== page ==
There’s something that links most of the everyday objects presented in “Made in Russia: Unsung Icons of Soviet Design.” But it’s hard to tell exactly what that is just by looking at this collection of wobbly dolls, drinking glasses, primitive arcade games, and arsonistic space heaters.
The essence, argues editor Michael Idov, is the system that built them: a post-WWII economy, mostly closed from the rest of the world, trying to transform its tank and grenade factories into places that churned out Western-style consumer goods. Idov grew up in Soviet Latvia with “some pretty terrible stuff,” but he believes the experience makes him, and other Soviet citizens, hyperaware of good design when they see it. Julia Barton explores the good, the bad, and the weird products of the former empire.
“None could quite stack up to their foreign counterparts in sound quality, but, like so many things made in the USSR, they were unbreakable. The final advantage was this: if your Soviet stereo was being reluctant, hitting it always worked.” — Made in Russia: Unsung Icons of Soviet Design.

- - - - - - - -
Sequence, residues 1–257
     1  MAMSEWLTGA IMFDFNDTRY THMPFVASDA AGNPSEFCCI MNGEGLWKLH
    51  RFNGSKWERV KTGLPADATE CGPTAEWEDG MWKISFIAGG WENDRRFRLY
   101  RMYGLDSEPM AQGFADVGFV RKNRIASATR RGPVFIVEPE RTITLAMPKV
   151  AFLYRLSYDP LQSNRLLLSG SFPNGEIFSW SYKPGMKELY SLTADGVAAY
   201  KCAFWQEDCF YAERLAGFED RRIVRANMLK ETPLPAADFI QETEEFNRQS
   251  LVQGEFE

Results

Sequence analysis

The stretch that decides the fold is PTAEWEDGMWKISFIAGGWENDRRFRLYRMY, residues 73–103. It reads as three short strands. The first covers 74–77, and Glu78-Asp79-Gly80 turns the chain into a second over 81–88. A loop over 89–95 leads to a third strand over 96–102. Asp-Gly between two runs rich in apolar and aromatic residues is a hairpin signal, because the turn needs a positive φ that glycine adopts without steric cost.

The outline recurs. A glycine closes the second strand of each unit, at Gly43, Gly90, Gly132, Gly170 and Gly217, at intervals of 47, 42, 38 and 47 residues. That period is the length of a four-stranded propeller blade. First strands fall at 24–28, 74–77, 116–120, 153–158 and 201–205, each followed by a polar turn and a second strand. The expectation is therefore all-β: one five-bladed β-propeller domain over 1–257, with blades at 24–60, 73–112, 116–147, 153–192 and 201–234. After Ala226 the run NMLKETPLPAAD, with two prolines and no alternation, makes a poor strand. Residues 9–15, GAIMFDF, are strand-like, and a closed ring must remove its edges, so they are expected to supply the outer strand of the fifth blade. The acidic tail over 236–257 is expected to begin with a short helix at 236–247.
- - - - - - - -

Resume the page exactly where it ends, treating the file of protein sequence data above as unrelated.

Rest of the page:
“From afar, the game appears to be as complex as a submarine itself, with its blue tin cabinet covered in mysterious, bright yellow and red gauges. Upon closer inspection it becomes apparent that this is just a box covered in stickers…” — Made in Russia: Unsung Icons of Soviet Design.
“In short, the BK is the reason your company’s IT support team is fifty percent Russian…its bare-bones severity…laid the foundation for the emergence of the might Russian hacker.” — Made in Russia: Unsung Icons of Soviet Design.
Closing theme from Soviet TV’s “Good Night, Little Ones”